A Toddler's Lifestyle

A Learning One

By: Mary E. Woodis



NOTE FROM BARB:  I know you will find this article by Mary delightful, encouraging and instructional! I have highlighted all the words in the article that are the very things to be taught just so that the basic concepts can be found and returned to quickly later on.



The good Lord knows having a toddler in your home and home educating your older children can be trying at the best of times, but how do you make your toddler's lifestyle one of learning? Come along with me as we explore this subject and try to shed some light on this commonly asked question.

On October 24, 1998 my dear husband, Jessie, and I returned home from a trip to Kostroma, Russia where we adopted a toddler boy. What a dramatic change this would make in our whole life and our homeschool! Our toddler is a very curious and delightful little boy, but even the most delightful and obedient children can be disruptive to an older child's math lesson! How do you so involve your toddler in your educational experience that learning flows in your home? Sounds idealistic doesn't it? But, believe it or not, it can be done.

By their very nature, toddlers are curious, ready to learn and experience new things. Consequently, this is the very age that your discipline needs to be loving, but firm and decidedly consistent. They are trying out new things and are testing all the rules and limits to see if they have changed. The experiences of a child at this season of his life will determine his character as an older child. It sets the standard for how he will respond to so many other things throughout his life. God, in His providence, made life to provide many teachable moments. Take advantage of these teachable moments whenever possible.

You can teach a young child much more than you might think; more than most people think. They love songs, rhythms and verses. (From Barb: See the "Love Lullabyes" area of this website!)  Their curiosity is endless, and they are such a joy to watch as they learn. This is the perfect time to use things such as these to incorporate Scripture memory and poetry into their lives.

Now is the perfect time to teach them the habit of attention. They need this skill to be able to sit still during times of read-alouds, especially Bible. This is also the time to begin teaching these precious little ones about our dear Savior and to respect His Holy word.


Just as God is the finisher of our faith, use these teachable moments to teach these little ones to finish what they start. Don't allow them to flit from one activity to another. As Charlotte Mason said, "Put a premium of praise on every finished thing, if it be only a house of cards." I would venture to continue that to the tasks of toddlers. If they begin coloring a page, encourage them to finish it, then praise them for a task completed and a job well done. This includes putting all of the blocks back in the toy box or picking up the socks and putting them in the clothes hamper. Each task completed needs to be followed up by words of praise. In doing so, you respect them for their accomplishments and ensure their cooperation the next time. Thus is begun a good habit.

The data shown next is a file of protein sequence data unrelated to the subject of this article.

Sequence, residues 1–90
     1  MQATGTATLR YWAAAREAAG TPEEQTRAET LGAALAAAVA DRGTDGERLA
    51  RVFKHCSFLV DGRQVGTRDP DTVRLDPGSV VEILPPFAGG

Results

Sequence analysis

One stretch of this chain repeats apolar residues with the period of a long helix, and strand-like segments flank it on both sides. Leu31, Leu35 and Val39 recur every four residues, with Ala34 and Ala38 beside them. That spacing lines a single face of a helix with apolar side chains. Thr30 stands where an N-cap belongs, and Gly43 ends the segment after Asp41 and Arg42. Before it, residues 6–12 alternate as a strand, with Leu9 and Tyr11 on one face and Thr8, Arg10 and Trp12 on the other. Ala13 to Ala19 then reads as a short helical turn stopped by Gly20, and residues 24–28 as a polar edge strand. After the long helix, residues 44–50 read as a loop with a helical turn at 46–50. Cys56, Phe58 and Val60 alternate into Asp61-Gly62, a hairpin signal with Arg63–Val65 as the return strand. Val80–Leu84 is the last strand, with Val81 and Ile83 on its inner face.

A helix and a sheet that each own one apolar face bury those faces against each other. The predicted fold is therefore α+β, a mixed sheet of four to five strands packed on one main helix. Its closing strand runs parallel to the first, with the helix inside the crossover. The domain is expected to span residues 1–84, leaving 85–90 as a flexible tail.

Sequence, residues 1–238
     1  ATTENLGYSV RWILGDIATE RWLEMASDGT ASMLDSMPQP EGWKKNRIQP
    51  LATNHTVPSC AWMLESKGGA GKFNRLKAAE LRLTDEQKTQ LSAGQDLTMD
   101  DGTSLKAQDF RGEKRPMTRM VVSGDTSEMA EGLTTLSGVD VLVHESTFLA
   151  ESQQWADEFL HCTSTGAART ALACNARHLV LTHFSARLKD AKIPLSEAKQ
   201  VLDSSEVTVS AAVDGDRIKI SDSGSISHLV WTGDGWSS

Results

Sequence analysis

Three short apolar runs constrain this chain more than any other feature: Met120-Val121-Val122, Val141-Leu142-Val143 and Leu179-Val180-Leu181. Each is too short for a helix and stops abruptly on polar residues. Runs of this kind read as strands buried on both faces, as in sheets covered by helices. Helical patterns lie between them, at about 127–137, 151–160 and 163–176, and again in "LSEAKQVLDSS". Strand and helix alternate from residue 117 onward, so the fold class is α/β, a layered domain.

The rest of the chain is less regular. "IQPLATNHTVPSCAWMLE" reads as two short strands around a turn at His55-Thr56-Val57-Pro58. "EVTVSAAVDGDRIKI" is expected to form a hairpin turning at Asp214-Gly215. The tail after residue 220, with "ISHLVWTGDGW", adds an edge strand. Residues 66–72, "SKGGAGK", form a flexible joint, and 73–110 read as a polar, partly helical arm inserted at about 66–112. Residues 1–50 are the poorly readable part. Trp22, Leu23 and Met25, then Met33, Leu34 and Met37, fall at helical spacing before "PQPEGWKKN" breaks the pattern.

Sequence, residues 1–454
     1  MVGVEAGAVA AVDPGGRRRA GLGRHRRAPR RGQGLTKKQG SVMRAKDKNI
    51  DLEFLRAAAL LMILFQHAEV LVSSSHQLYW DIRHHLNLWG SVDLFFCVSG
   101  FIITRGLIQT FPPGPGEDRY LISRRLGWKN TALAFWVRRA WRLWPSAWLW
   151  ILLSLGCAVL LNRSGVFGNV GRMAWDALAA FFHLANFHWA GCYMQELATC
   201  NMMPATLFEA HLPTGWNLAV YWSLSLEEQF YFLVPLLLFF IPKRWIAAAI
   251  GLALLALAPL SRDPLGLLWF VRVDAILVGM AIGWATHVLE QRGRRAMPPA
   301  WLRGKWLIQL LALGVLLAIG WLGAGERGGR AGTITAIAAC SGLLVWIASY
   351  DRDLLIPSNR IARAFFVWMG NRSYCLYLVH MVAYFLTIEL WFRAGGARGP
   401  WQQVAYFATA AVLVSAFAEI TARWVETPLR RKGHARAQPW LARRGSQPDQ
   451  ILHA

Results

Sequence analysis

Do not be deceived into believing that your toddler is incapable of learning and performing simple tasks. Charlotte Mason said, "a child is born a person with a mind as complete and as beautiful as his beautiful little body, we can at least show that he always has all the mind he requires for his occasions; that is, that his mind is the instrument of his education and that his education does not produce his mind." That also includes understanding Scripture. The Bible says in Matthew 11:25, "At that time Jesus answered and said, I thank thee, O Father, Lord of heaven and earth, because thou hast hid things from the wise and prudent, and hast revealed them unto babes." This means little ones to me, how about you?

But, as their minds are able, so are their bodies. I believe we ought to respect them enough to believe them capable of simple tasks at an early age. Even young toddlers can help pick up garbage and put it in the trash can. Employ these little people and you will have trained a valuable helper for yourself. How many of us mothers have been guilty of grumbling about "no one ever picks up anything at home but me?" Well, have you ever taken the time to train your children to do this? Have you taught them the habit of paying attention and obeying you each and every time you ask them to do something?